By Michael E. Miller
By Allie Conti
By David Villano
By Jose D. Duran
By Michael E. Miller
By Allie Conti
By Kyle Swenson
By Luther Campbell
Dan Christman, a chunky, red-haired medical investigator from Seattle, shifts the focus to fire. His presentation, "Burning Down the House: Fire and Its Effects on Bloodstain Pattern Evidence," features a video of a room going up in flames, and half a dozen variously charred corpses.
His research, which consisted of setting controlled fires and watching blood burn, yields intriguing results:
Damage to bloodstains hinges on fire temperature and length of exposure
Soot buildup sometimes preserves bloodstains
Blood does not boil
About this last, Christman elaborates: "The human head is a closed system. At least it should be. When subjected to fire, the fluids surrounding the brain begin to boil. If the pressure becomes sufficient, the cranial cavity explodes. Boom! Now you're saying, 'Dan, what's all this got to do with blood spatter?' Well, if you go to a fire scene and find an exploded head with blood spatter on one side of the room, you should realize it isn't necessarily due to an injury sustained before the fire."
Christman goes on to describe two especially poignant forms of internal bloodstain: "grape-jelly hemorrhages," the result of massive blunt trauma to the head, and "chocolate-pudding hemorrhages," the product of a grape-jelly hemorrhage subjected to fire.
Before Christman can reach his seat, Herb MacDonell rises to offer his dose of criticism. "Dan, you can in fact boil blood. At 63,000 feet."
To commence the afternoon session, a Canadian professor demonstrates a bloodstain-analysis computer program, and a police captain from California sings the praises of computer-generated re-enactments. Everyone listens dutifully and claps when appropriate. But they are plainly awaiting the final speaker, Rafael Martinez, a Santeria expert who works for the Metro-Dade Police Department and the county medical examiner.
The interest in Santeria, however, is not limited to its status as a source of animal-blood spatter. A growing number of police agencies, it turns out, are reporting crimes that appear related to ritualistic religions.
Martinez does not disappoint. A short, intense man possessed of breakneck eloquence and a vowel-thickening accent, he quickly outlines the basics of Santeria: a polytheistic synthesis of Catholic and African faiths, favored by dope dealers. "You got a lot of cops skeptical of Santeria," he reports. "Until they find a beef tongue with a spike through it and their business card underneath."
On-screen, images of ritual sacrifices tumble past. A priest draped in beads hacks at the jugular veins of goats, chickens, and lambs. He drips the blood onto elaborate icons, along with salt, pepper, and honey, the results bearing a striking similarity to a child's earliest culinary efforts. "Years ago, when I started studying Santeria, I could never film a ritual like this. Now the priests call me to bring my video camera, because they want a tape," Martinez boasts.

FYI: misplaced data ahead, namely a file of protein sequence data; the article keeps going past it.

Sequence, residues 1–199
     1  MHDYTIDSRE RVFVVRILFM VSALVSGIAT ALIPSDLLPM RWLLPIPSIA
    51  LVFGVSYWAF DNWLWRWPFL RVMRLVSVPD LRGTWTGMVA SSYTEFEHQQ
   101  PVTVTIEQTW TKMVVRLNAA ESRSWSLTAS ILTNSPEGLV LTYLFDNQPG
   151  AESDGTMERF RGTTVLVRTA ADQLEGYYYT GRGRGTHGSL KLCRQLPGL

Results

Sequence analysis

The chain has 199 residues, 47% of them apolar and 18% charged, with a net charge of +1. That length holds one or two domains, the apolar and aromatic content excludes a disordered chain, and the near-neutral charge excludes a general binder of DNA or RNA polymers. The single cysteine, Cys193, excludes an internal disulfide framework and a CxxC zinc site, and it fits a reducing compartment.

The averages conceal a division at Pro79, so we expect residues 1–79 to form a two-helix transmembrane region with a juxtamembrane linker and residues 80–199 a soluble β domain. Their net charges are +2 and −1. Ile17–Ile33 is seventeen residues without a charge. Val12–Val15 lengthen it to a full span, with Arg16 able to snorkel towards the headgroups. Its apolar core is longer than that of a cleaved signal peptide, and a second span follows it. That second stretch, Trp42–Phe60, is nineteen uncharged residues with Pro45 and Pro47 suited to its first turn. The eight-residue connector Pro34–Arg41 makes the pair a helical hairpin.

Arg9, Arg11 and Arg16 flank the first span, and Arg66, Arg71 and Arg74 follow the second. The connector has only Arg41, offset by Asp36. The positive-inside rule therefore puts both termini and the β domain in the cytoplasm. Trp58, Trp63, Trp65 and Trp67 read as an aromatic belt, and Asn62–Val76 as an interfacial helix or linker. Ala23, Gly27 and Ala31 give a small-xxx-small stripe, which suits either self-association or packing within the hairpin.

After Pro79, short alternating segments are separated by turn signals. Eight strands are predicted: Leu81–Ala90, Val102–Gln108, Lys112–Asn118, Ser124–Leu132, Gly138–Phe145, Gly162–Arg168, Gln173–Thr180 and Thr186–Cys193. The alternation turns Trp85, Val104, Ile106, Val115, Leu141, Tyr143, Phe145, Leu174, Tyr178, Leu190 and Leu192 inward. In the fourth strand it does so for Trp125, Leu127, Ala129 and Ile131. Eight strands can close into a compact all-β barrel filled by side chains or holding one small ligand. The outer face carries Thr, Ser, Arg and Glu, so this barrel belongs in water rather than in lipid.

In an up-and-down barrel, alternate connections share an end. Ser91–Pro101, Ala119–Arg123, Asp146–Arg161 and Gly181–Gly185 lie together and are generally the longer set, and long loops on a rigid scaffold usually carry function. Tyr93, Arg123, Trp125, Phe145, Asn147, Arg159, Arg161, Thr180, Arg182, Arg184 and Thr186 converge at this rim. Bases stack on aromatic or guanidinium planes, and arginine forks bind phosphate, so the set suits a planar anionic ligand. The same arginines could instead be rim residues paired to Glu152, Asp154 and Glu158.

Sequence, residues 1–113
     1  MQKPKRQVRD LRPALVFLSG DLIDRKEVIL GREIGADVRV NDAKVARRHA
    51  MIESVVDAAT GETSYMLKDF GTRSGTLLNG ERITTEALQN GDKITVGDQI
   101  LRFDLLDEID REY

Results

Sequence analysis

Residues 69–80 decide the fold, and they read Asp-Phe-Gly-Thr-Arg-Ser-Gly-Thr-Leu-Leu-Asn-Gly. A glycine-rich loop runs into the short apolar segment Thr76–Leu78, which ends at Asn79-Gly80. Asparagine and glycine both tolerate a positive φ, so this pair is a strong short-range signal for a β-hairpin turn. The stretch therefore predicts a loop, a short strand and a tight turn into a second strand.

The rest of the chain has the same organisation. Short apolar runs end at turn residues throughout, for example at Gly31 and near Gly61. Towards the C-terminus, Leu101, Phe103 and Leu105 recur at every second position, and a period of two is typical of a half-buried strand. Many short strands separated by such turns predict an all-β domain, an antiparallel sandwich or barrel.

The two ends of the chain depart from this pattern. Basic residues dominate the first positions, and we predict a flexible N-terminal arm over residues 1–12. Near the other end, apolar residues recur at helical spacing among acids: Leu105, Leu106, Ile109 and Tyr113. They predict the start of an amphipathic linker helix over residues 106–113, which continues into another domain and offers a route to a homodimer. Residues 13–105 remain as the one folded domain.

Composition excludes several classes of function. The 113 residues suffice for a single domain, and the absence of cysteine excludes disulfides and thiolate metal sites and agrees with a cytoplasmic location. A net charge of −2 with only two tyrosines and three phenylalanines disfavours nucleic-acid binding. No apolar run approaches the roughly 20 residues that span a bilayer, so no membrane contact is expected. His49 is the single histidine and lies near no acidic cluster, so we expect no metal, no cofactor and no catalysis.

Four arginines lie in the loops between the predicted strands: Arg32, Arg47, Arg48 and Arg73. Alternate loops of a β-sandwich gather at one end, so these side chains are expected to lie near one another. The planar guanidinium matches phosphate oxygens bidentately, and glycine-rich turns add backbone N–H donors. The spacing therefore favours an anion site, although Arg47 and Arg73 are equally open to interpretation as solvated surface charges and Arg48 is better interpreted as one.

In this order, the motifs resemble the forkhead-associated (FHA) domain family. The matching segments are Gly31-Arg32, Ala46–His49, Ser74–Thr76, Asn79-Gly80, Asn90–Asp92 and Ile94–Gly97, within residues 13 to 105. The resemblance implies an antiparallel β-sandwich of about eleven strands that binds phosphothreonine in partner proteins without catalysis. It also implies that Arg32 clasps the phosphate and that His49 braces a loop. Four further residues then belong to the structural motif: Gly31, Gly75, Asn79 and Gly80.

"How long before Cuban immigrants grow out of this stuff?" asks one especially dense Midwesterner.
Martinez winces. "Santeria is not something you grow out of. It is a belief system for dealing with the world, a social network. The high priest you're looking at right now, for instance, has 3000 'godchildren.' Of course, he was just arrested for dealing dope."
Having said this, however, Martinez quickly adds, "More than a million people practice Santeria, and it isn't just dopers. We had a case a few years ago where a couple of kids killed a man. One went to his santero for a cleansing and the old man turned him in for the cash reward. Also, you should know that all those animals you saw were cooked and eaten."
Freestyle case presentations are up next.
Herb MacDonell steps forward with a summary of some ancient experiments he uncovered in the nether regions of a Hungarian library, concerning the drip patterns of blood, India ink, mercury, and mucus.
Dan Christman shows slides of tests he conducted, which involved shooting bloody bags with guns of various calibers. (This gives rise to a round of jokes deriving from the phrase Dan shot his wad.)
A slightly dithering consultant named Ed discusses a case in which police have accused his client of shooting herself through the stomach to fake a self-defense claim against her husband, whom she shot during a quarrel. He shows a lengthy video of police finding the dead husband. "Don't worry, we're going to get something to eat real soon," one of the cops on the video notes repeatedly. The crowd issues a chuckle of recognition.
"That'll do it for today," Toby Wolson announces finally. "Remember, we've got the banquet at 6:30. The ritual sacrificing of the animals starts at 5:30."
How do bloodstain analysts, freed from the daily grind of drip dispersal and serology tests, cut loose? The answer, at this year's meeting anyway, is a bit of a letdown. They tend to clump into small groups and discuss drip dispersal and serology tests. They are also apt to watch snippets of the O.J. Simpson hearing and gab about the prominent role blood spatter plays in the case.
Few leave the Holiday Inn. This is thanks to the general aura of tourist paranoia in Miami, a fear magnified by the smorgasbord of local mayhem displayed at the conference. Apparently the safety tips offered in the IABPA orientation kit (Avoid displaying large amounts of cash; don't wear your convention badge when going out at night) offer little comfort. This goes double for those who have folded the conference into a family vacation. The wife and kids tend to stick close to the pool.